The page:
Edward Mills Purcell and Nuclear Magnetic Resonance (NMR)
Edward M. Purcell was awarded the 1952 Nobel Prize in Physics for his "development of new methods for nuclear magnetic precision measurements and discoveries in connection therewith". Purcell first observed nuclear magnetic resonance (NMR) in 1945 while working at the Massachusetts Institute of Technology (MIT) Radiation Laboratory in an after-hours experiment.
‘Though initially used in physics, NMR has been applied powerfully as an analytic method for elucidating chemical structure and materials properties. The Nobel prize winning discovery is also the basis of medical resonance imaging (or MRI), now routinely used as an elegant and non-invasive diagnostic tool, producing beautifully detailed images of the body's interior...
Purcell's other contributions ... included a comprehensive theory of nuclear magnetic relaxation (with [Nicolaas] Bloembergen and [Robert V.] Pound - the famous "BPP" paper, one of the most cited references in physics); the concept of negative spin temperatures (with Pound), which was a precursor to the maser and laser; improved spin-echo techniques (with [H. Y.] Carr); and explanations of the absorption and scattering of starlight by interstellar grains. With [Norman F.] Ramsey he was the first to question the conventional assumption (later disproved) that all particle forces are parity symmetric. With Berg he applied physics to biological problems, in their description of the physics of chemoreception and in his classic paper (in The American Journal of Physics) "Life at Low Reynolds Number," a life whose locomotion is dominated by viscosity. In that same journal his monthly "Back of the Envelope" problems challenged and delighted a large audience of physicists.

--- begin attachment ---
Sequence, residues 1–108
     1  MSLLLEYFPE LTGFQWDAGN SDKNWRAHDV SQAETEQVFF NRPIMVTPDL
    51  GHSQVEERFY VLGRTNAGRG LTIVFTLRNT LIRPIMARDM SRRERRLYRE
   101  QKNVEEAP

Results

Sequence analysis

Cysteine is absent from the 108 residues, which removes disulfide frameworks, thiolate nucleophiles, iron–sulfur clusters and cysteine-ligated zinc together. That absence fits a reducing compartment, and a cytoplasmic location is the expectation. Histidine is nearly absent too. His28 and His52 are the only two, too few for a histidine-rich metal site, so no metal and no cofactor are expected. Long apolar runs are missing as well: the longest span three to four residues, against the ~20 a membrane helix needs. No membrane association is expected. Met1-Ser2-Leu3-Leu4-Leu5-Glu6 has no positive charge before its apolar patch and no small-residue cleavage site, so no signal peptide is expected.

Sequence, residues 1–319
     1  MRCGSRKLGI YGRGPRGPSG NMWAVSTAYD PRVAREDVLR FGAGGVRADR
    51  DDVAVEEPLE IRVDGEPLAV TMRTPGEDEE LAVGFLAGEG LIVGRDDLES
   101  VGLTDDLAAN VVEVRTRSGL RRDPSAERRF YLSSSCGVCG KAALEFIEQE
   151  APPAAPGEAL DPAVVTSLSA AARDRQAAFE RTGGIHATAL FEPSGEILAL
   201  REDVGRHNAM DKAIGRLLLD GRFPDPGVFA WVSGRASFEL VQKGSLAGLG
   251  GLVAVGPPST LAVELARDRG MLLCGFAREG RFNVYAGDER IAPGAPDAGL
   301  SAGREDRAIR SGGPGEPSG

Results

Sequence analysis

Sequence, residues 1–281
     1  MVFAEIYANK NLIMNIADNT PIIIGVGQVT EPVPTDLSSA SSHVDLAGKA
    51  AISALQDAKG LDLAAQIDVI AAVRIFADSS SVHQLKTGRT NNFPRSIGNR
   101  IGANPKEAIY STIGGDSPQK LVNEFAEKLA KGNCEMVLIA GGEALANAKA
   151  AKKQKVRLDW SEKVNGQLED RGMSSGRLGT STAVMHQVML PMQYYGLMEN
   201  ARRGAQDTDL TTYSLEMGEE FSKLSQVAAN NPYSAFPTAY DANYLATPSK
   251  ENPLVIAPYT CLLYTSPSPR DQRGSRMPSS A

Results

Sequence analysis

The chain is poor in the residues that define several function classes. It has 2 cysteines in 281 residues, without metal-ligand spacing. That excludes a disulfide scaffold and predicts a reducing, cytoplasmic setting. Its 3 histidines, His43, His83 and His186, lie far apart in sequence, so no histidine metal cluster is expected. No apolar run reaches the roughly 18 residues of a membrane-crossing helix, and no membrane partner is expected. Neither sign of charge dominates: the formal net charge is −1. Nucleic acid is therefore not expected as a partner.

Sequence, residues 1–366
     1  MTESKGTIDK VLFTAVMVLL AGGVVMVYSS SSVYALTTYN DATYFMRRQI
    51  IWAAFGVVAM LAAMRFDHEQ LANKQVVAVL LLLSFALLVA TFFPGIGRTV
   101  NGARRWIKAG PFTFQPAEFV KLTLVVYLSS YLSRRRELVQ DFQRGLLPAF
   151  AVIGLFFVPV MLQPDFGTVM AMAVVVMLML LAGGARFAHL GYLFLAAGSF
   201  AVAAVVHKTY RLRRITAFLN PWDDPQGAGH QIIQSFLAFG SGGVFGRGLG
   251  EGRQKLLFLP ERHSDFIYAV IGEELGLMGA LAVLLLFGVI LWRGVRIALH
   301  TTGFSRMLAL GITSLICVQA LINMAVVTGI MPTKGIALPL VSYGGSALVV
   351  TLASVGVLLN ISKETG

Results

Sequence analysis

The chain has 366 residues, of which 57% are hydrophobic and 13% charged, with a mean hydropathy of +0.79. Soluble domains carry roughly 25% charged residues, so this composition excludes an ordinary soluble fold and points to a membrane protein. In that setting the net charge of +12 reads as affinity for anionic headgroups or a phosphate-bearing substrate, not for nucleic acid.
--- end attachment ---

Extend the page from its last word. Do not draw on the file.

Purcell's stunning introductory textbook on Electricity and Magnetism has educated and inspired a generation of physicists, who refer to it often, and depend on it utterly.1
Purcell "was a past president of the American Physical Society and a member of the National Academy of Sciences, American Philosophical Society and American Academy of Arts and Sciences. In 1967, he won the Oersted Medal of the American Association of Physics Teachers, and in 1979, he received the National Medal of Science. Purcell served as a science advisor to Presidents Eisenhower, Kennedy, and Johnson."2
2Excerpt from Doctor of Engineering Honorary Degree Recipient
Additional information about Edward Purcell and his work is available in full text and on the Web.
A Precise Determination of the Proton Magnetic Moment in Bohr Magnetons; Physical Review, Vol. 76, Issue 8: 1262-1263; October 15, 1949
On the Possibility of Electric Dipole Moments for Elementary Particles and Nuclei; Physical Review, Vol. 78, Issue 6: 807; June 15, 1950
Interaction between Nuclear Spins in HD Gas; Physical Review, Vol. 88, Issue 2: 415-416, October 15, 1952
Nuclear Magnetic Resonance in Solid Hydrogen; Physical Review, Vol. 91, Issue 3: 631-641, August 1, 1953
Effects of Diffusion on Free Precession in Nuclear Magnetic Resonance Experiments; Physical Review, Vol. 94, Issue 3: 630-638, May 1, 1954
Search for the Dirac Monopole with 30-BeV Protons; DOE
Technical Report, March 1, 1963
Additional Web Pages:
Shed No Tears – Story about the shed where Purcell first observed nuclear magnetic resonance (NMR)